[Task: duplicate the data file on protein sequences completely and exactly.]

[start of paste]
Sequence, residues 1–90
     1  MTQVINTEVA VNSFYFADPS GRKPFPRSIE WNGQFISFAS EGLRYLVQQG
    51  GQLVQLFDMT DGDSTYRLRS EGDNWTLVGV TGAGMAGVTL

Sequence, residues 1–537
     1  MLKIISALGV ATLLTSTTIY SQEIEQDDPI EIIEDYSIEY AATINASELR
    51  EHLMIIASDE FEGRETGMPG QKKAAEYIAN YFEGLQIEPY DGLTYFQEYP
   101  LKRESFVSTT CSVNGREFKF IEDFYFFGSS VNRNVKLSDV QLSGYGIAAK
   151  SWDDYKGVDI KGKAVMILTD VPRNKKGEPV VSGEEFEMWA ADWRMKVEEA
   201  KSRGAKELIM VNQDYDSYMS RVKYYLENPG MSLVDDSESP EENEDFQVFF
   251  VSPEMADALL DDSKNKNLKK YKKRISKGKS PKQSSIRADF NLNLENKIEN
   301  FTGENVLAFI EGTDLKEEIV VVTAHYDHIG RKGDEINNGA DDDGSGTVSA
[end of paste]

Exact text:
Sequence, residues 1–90
     1  MTQVINTEVA VNSFYFADPS GRKPFPRSIE WNGQFISFAS EGLRYLVQQG
    51  GQLVQLFDMT DGDSTYRLRS EGDNWTLVGV TGAGMAGVTL

Sequence, residues 1–537
     1  MLKIISALGV ATLLTSTTIY SQEIEQDDPI EIIEDYSIEY AATINASELR
    51  EHLMIIASDE FEGRETGMPG QKKAAEYIAN YFEGLQIEPY DGLTYFQEYP
   101  LKRESFVSTT CSVNGREFKF IEDFYFFGSS VNRNVKLSDV QLSGYGIAAK
   151  SWDDYKGVDI KGKAVMILTD VPRNKKGEPV VSGEEFEMWA ADWRMKVEEA
   201  KSRGAKELIM VNQDYDSYMS RVKYYLENPG MSLVDDSESP EENEDFQVFF
   251  VSPEMADALL DDSKNKNLKK YKKRISKGKS PKQSSIRADF NLNLENKIEN
   301  FTGENVLAFI EGTDLKEEIV VVTAHYDHIG RKGDEINNGA DDDGSGTVSA